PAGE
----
Luckily, I found out earlier today that I will be uncharacteristically home on Thursday and so that means I don’t have to sit here at the computer banging my head against the wall trying to get this project to work while technology refuses to cooperate. I have the luxury of just stopping. I will come back to it tomorrow. I have time. And maybe, just maybe, by taking the time to let myself catch up with the events of the last few days I will also be able to stop the anxiety that has been snowballing and threatening to build until it crumbles me like a tsunami.
I am going to log off now. Go sit in a comfortable spot and try to catch up without letting the vicious cycle above spiral out of control. In the mean time, here’s an interesting series the NY Times is doing on anxiety. Check it out.
According to the National Institute of Mental Health, 26.2 percent of Americans over 18 suffer from a diagnosable mental disorder in any given year. One in seventeen Americans suffers from a severe mental illness.
As of 2012, among veterans, there are more suicide deaths among active duty soldiers than combat deaths. According to a new report issues by the Department of Veterans Affairs, every 65 minutes a military veteran commits suicide. Thirty one percent of these were committed by veterans under the age of 50. (Suicide Rate Among Military Jumps)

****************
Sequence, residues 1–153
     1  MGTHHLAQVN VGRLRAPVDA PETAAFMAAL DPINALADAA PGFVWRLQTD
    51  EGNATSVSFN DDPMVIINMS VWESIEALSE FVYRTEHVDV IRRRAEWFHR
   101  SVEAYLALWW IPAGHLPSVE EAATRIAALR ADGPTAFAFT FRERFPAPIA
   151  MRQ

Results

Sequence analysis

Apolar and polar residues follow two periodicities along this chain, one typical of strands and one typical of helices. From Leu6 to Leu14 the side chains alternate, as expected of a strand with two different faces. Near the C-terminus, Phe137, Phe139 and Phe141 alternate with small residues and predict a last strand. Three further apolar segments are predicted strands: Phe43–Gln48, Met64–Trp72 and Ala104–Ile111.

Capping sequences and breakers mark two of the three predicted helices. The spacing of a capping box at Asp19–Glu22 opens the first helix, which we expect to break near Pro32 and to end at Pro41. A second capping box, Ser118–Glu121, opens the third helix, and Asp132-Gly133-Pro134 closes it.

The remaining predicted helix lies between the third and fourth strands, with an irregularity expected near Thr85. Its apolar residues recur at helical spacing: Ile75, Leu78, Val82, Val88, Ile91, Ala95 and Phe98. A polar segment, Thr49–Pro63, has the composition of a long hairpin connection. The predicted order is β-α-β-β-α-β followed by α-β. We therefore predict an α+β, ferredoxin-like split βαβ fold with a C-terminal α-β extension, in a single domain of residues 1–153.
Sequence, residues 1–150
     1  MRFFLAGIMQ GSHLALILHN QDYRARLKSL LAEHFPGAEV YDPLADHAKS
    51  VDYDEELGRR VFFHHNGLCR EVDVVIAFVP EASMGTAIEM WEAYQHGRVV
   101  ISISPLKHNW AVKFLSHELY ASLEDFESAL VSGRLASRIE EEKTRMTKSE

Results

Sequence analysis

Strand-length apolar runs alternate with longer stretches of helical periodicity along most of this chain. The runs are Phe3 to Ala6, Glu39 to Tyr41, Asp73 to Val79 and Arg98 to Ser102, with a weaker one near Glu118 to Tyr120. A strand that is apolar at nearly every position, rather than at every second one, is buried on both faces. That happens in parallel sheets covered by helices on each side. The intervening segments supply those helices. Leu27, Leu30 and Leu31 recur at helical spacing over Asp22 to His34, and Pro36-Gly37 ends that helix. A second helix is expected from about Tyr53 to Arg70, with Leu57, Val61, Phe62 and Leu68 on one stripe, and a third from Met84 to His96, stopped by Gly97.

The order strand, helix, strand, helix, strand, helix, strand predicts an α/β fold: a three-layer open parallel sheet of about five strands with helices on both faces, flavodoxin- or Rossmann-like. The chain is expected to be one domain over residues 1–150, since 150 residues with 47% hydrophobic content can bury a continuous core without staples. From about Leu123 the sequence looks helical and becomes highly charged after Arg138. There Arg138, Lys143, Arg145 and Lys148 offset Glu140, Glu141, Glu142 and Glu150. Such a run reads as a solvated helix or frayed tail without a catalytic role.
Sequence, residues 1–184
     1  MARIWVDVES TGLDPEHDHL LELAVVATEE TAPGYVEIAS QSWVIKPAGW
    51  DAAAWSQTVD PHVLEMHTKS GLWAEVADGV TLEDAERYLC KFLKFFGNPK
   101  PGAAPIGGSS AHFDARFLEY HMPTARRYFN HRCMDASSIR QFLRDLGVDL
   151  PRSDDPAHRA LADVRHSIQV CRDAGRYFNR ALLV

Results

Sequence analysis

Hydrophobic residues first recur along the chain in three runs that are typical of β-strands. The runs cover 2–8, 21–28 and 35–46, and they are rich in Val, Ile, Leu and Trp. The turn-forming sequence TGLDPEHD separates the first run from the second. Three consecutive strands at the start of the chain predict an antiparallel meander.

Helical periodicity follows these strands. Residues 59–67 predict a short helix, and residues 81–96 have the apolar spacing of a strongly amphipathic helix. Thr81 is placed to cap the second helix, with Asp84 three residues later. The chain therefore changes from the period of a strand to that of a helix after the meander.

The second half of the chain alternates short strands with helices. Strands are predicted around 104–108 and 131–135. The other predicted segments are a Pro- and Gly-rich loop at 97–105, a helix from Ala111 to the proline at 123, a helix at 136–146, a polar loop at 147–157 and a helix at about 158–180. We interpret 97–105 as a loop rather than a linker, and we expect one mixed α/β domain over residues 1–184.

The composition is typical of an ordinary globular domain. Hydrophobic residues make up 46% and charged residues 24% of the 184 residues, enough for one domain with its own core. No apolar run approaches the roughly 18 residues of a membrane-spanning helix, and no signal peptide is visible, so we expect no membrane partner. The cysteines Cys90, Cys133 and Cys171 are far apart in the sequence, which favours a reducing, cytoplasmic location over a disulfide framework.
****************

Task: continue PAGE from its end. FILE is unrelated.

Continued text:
Today, I went to a doctor’s appointment. This appointment was made for me by the powers that be over a month and a half ago, after many phone calls and much grief, so I could get established with a new psychiatrist since Erik and I moved back to New Mexico. I arrived at the appointment today to find out that the doctor was a psychologist (therapy) and not a psychiatrist (medication). I already have a counselor. I need my medications managed.
When a person is in a mental health crisis and tries to get help, they frequently get put on hold, stuck in a waiting room, or otherwise thrown into a holding pattern. In case it’s not obvious, a holding pattern is exactly the opposite of what a person in crisis needs.